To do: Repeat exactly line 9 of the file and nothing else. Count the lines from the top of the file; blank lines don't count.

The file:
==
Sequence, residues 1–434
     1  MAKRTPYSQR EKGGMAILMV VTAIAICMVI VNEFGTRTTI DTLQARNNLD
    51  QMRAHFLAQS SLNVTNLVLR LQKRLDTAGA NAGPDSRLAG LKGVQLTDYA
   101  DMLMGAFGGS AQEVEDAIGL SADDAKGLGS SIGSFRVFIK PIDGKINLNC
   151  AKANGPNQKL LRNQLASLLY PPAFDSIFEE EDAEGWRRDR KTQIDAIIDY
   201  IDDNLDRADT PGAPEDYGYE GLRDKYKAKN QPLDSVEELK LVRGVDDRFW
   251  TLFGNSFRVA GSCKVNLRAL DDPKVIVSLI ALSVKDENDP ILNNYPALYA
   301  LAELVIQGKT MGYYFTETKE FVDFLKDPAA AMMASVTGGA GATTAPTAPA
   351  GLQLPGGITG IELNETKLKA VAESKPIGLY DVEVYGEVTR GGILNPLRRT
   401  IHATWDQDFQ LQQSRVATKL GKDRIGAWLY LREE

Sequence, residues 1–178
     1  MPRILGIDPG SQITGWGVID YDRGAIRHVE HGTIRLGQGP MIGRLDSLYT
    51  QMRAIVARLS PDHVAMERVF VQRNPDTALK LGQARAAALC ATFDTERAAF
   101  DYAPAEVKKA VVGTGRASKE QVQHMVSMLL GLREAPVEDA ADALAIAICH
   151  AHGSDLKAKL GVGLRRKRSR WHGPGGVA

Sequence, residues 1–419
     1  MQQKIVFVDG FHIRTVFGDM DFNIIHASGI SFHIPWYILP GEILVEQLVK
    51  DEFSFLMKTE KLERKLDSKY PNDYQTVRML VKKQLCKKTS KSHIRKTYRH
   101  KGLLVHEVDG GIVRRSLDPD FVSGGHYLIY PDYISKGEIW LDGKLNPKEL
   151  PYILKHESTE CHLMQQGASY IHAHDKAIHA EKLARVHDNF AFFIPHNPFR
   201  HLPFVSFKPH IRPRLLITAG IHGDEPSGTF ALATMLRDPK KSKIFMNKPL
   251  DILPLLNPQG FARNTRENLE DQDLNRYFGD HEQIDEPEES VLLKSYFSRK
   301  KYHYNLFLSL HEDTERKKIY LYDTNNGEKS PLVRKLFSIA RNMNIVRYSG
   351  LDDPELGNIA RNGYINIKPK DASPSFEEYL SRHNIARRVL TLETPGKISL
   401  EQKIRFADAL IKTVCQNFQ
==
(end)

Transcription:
   351  GLQLPGGITG IELNETKLKA VAESKPIGLY DVEVYGEVTR GGILNPLRRT